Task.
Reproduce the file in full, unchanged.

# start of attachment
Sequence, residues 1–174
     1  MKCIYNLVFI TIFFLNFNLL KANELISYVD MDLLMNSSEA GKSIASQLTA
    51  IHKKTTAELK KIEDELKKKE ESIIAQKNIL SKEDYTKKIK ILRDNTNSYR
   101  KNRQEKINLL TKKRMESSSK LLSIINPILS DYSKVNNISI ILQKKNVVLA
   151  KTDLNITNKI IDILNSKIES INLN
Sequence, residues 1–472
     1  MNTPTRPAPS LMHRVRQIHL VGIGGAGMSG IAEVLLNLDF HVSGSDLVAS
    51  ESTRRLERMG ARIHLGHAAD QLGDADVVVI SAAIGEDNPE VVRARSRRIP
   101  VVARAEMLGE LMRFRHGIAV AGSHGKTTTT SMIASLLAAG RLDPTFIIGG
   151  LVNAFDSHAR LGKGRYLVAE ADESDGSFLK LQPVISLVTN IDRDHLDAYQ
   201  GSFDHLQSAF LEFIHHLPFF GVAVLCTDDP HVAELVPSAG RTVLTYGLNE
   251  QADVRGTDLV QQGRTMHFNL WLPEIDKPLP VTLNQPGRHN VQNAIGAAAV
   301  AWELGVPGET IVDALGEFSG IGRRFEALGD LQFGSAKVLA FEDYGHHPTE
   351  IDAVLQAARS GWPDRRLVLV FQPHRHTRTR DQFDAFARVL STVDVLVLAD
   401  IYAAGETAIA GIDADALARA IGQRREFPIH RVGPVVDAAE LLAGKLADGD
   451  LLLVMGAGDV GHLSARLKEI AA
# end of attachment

Sequence, residues 1–174
     1  MKCIYNLVFI TIFFLNFNLL KANELISYVD MDLLMNSSEA GKSIASQLTA
    51  IHKKTTAELK KIEDELKKKE ESIIAQKNIL SKEDYTKKIK ILRDNTNSYR
   101  KNRQEKINLL TKKRMESSSK LLSIINPILS DYSKVNNISI ILQKKNVVLA
   151  KTDLNITNKI IDILNSKIES INLN
Sequence, residues 1–472
     1  MNTPTRPAPS LMHRVRQIHL VGIGGAGMSG IAEVLLNLDF HVSGSDLVAS
    51  ESTRRLERMG ARIHLGHAAD QLGDADVVVI SAAIGEDNPE VVRARSRRIP
   101  VVARAEMLGE LMRFRHGIAV AGSHGKTTTT SMIASLLAAG RLDPTFIIGG
   151  LVNAFDSHAR LGKGRYLVAE ADESDGSFLK LQPVISLVTN IDRDHLDAYQ
   201  GSFDHLQSAF LEFIHHLPFF GVAVLCTDDP HVAELVPSAG RTVLTYGLNE
   251  QADVRGTDLV QQGRTMHFNL WLPEIDKPLP VTLNQPGRHN VQNAIGAAAV
   301  AWELGVPGET IVDALGEFSG IGRRFEALGD LQFGSAKVLA FEDYGHHPTE
   351  IDAVLQAARS GWPDRRLVLV FQPHRHTRTR DQFDAFARVL STVDVLVLAD
   401  IYAAGETAIA GIDADALARA IGQRREFPIH RVGPVVDAAE LLAGKLADGD
   451  LLLVMGAGDV GHLSARLKEI AA